Friday, 9 April 2021

Hipster nonsense.

According to a fashion article I skimmed through recently - you should only ever skim such trivia - “low rise” jeans are making a come-back and causing a bit of a stir. Trousers that, as the fashion descriptors put it, ‘hit below the waist’, are the most unlikely fashion come-back I can imagine at the moment when so many people are complaining of having put on weight during the lockdown. Difficult to wear at any time, they have a tendency to slip just enough to make even the skinniest look as though they have a little roll of chub just around or below the waist. According to the fashion article they were much criticised in the 2000s because they were deemed divisive and were said to exclude “plus-size” women from fashion. The idea is causing a similar stir this time around: 

“A lot of Millennial women are saying they are nervous about low-rise pants coming back in style,” says user Collin McCarthy, “(because when) low-rise pants were popular...your body was the weren’t showing off what you were wearing, you were showing off your stomach.”

There you go.

According to the article, “Low risers first appeared in 1993 when Alexander McQueen sent a pair of bottom-revealing “bumsters” down the runway.” It was Kate Moss, so skinny her hip bones stuck out, the only way anyone could wear such trousers. But I disagree with the 1993 first appearance claim. Indistinctly remember back in 1970 having a pair of pale blue bellbottom trousers which hung from my hips, held up by a broad belt. Even though I might have got away with it then it wasn’t the done thing to have you stomach on show, however toned and flat it might be. No, you wore a skinny T-shirt tucked into your trousers.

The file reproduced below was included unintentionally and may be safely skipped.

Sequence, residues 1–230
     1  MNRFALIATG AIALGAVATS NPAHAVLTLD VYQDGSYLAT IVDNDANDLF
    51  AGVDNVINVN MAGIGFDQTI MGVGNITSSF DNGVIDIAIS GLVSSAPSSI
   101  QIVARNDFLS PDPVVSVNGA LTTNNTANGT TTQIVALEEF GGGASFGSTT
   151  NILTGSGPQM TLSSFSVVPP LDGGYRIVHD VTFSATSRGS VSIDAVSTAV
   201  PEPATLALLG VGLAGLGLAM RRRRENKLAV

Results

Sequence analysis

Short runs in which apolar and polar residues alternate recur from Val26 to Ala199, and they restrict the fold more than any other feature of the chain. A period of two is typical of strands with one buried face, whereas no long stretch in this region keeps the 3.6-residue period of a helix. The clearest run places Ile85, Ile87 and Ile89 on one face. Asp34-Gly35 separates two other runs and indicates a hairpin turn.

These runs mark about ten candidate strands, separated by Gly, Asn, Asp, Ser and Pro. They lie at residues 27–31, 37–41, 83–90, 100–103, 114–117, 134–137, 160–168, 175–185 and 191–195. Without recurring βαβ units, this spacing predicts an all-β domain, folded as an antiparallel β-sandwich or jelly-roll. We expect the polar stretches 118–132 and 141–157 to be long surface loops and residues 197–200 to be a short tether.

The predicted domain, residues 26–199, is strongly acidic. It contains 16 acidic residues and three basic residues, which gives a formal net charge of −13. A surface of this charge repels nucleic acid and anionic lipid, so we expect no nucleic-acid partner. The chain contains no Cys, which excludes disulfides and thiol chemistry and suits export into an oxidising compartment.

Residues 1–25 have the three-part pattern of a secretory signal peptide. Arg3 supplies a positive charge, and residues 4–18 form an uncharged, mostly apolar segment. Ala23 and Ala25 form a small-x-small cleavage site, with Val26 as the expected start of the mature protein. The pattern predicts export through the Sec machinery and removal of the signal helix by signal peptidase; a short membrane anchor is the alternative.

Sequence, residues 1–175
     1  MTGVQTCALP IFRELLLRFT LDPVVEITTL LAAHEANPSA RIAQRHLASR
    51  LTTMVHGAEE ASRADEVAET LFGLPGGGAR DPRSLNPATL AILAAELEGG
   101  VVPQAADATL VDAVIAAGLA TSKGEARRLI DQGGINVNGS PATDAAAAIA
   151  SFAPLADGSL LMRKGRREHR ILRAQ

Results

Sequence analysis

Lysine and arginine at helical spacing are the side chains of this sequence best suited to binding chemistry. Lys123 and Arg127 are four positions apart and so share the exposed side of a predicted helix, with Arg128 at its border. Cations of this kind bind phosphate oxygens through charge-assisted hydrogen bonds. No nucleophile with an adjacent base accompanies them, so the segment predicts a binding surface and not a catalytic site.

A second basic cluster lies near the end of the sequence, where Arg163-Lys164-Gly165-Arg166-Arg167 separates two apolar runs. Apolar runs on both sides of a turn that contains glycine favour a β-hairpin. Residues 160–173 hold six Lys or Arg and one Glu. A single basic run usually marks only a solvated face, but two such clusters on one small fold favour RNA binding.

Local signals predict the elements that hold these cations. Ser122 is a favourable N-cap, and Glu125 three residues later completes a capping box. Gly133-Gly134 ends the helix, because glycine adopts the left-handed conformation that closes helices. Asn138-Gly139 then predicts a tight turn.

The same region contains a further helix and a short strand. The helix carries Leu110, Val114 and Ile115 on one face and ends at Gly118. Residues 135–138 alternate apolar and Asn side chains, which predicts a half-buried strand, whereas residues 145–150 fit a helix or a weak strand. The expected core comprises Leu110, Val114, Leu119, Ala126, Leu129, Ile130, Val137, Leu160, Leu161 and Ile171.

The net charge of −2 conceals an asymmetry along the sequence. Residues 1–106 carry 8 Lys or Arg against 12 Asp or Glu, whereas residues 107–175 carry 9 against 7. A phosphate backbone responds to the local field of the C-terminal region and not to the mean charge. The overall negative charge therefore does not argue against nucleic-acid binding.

But we didn’t call them low rise but hipsters, I’m pretty sure. This, of course, was before a hipster was a bloke with a dodgy beard. As Wikipedia puts it: “In the 21st century, a hipster is a member of a subculture that is defined by claims to authenticity and uniqueness yet, ironically, is notably lacking in authenticity and conforms to a collective style.” It goes on: “Members of the subculture typically do not self-identify as hipsters,and the word hipster is often used as a pejorative for someone who is pretentious or overly concerned with appearing trendy or fashionable in a non-mainstream way.”

The word hipster was even older, dating back to the 1940s:

“Hipster or hepcat, as used in the 1940s, referred to aficionados of jazz, in particular bebop, which became popular in the early 1940s. The hipster adopted the lifestyle of the jazz musician, including some or all of the following: dress, slang, use of marijuana and other drugs, relaxed attitude, sarcastic humble or, self-imposed poverty, and relaxed sexual mores.”

There you go again.

Life goes on. Stay safe and well, everyone.

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